By June of 1918, a mere fourteen months after war was declared, Houdini had sacrificed more than $50,000 between lost salary and his own out-of-pocket expenditures in his ongoing war efforts.  In a letter to R.H. Burnside, the manager of the Hippodrome, he recounted his efforts that helped "buy ambulances" and raised funds for the Liberty Bond campaign.  "My heart is in this work, for it is not a question of 'Will we win' or 'Will we lose.'  We must win, and that is all there is to it." 

SCOTTISH RITE JOURNAL.  JANUARY-FEBRUARY 2007 (The Far Eastern Freemason. 1st Quarter 2007. p32-35)
- - - - - -
"It is only with the heart one can see rightly.  What is essential is invisible to the eye." - Antoine De Saint-Exupery


Friday, November 26, 2010

17th Western Mindanao Masonic Convention @ Zamboanga City

November 12, 13 and 14, 2010, the brethren of Masonic District RDX-D and ARMM (Lanao) sojourned to Asia's Latin City, Zamboanga, to participate in the 17th Western Mindanao Masonic Convention.  The group was participated in by our very active Worshipful Master, WB Oscar V. Badelles accompanied by his 2 wardens, Senior Warden, Bro. Jaime P. Magnetico and Junior Warder, Bro. Hilario Abel Gomez.
The group was privileged to use the service van provided by VW Vice-Mayor Henry C. Dy, which ferried them from Iligan City and back.  Thank you VW Henry Dy for your continued support in our lodge undertakings.

Likewise, some of the sisters joined their respective husbands in the journey to enjoy the scenery and tour which was very much educational to everyone.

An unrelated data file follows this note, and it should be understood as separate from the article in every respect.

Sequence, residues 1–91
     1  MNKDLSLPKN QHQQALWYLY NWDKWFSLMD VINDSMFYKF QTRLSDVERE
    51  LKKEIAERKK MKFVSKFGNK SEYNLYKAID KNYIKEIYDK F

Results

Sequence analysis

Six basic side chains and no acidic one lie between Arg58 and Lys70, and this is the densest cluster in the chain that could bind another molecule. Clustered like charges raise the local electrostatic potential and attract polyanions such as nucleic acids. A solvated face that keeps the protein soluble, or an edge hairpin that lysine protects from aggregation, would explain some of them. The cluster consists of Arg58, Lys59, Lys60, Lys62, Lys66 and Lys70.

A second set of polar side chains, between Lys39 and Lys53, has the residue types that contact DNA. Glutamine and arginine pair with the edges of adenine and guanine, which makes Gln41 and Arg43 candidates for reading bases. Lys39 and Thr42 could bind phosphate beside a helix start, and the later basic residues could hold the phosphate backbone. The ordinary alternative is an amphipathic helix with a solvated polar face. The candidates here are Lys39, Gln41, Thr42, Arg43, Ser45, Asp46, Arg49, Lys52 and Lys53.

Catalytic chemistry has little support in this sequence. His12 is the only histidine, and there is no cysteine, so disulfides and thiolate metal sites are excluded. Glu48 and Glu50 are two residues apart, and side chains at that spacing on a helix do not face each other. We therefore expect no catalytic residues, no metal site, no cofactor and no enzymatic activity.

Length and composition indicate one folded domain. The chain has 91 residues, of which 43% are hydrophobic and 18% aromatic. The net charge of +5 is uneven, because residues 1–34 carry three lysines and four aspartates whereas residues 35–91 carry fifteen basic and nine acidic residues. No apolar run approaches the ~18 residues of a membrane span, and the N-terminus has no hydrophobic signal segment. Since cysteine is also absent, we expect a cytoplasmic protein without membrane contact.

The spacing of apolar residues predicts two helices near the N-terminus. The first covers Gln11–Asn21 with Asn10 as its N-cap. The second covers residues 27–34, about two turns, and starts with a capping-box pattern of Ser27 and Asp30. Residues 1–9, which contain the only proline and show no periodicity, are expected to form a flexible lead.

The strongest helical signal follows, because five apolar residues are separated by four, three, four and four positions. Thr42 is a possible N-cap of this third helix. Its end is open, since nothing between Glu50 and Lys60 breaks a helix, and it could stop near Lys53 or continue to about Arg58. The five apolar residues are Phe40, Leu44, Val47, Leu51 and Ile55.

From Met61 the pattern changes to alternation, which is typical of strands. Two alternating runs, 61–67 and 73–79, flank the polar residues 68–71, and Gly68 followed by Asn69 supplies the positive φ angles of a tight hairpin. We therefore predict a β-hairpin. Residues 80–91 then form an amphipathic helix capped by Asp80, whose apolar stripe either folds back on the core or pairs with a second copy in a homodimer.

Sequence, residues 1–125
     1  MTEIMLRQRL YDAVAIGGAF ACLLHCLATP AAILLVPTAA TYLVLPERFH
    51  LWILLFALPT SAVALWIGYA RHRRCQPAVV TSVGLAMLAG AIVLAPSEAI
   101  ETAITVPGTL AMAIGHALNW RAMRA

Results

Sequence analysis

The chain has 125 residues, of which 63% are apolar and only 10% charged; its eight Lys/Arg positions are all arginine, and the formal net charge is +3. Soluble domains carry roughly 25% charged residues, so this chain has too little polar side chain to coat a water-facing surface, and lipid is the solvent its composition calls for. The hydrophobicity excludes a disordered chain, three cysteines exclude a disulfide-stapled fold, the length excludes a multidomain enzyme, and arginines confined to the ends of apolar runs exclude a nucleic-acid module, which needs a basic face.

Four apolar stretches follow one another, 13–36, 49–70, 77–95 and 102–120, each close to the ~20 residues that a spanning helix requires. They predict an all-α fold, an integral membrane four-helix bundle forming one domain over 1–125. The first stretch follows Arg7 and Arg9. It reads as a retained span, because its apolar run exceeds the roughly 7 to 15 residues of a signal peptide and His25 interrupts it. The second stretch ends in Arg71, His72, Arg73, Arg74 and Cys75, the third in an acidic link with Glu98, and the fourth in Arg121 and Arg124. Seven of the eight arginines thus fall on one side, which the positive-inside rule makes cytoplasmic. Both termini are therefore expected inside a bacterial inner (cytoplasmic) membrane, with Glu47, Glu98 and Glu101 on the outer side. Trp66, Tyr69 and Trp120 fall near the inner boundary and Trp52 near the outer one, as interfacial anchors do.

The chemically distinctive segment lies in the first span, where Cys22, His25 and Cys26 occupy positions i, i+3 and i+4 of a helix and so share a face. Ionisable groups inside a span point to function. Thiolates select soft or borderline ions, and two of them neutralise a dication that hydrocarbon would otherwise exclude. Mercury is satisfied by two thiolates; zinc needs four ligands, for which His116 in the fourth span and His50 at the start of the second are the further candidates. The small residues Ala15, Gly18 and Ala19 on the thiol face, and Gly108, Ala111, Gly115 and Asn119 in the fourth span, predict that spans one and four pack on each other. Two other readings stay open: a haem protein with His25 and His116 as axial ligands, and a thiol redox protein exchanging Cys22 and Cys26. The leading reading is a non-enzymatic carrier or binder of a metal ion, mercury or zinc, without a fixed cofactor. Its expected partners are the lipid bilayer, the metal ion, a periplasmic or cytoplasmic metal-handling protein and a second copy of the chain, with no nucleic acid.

Well, to relieve everyone from reading boring text...the pictures that follow will surely paint a thousand words!


 - - - - - -
"I still find each day too short for all the thoughts I want to think, all the walks I want to take, all the books I want to read, and all the friends I want to see." - John Burroughs


Thursday, November 18, 2010

Message from the Worshipful Master - November 20, 2010

Message from the Worshipful Master WB Oscar V. Badelles

From "Reflections On Masonic Values" by VW Mabini G. Hernandez

Before the sunset curtains the day's play
I ask myself, "what have I done for the day?"
If the blessings showered I have shared?
And the wounded I have cared?

If I had not,
Then let me share,
Let me care,
Not tomorrow, but today
Before the sunset curtains the day's play.

     Frankly, the message of this verse resonated so strongly that it made me ponder, at the twilight of my term, if I have shared, cared and done enough during my tour in the east.  Only you, my brother, knows the answer to that question.  I am nevertheless sharing its message that before you say adios and good bye amigo, make sure that you have made your peace, specially with the GAOTU.  That one should never give up even if it appears to be already late in the day - there is enough time to do that which is just and right.

     Along this line, I urge the brethren to continue your support for the remaining activities of our lodge.  And the one area where your cooperation is most needed is in the attendance during our lodge meetings and activities.  This Saturday morning, we will be hosting again the Walk For Your Health.  And needless to remind you, we shall have our annual elections next month and your presence thereat is indispensable.  Also next month, we are expecting a visit from the brethren of our sister lodge, Leonardo T. PaƱares Lodge.  Let us reciprocate the warm welcome and fellowship they extended to us during our visit to their lodge.  The will be followed by our joint Christmas Party with the brethren of Judge Valerio V. Rovira Lodge No. 259.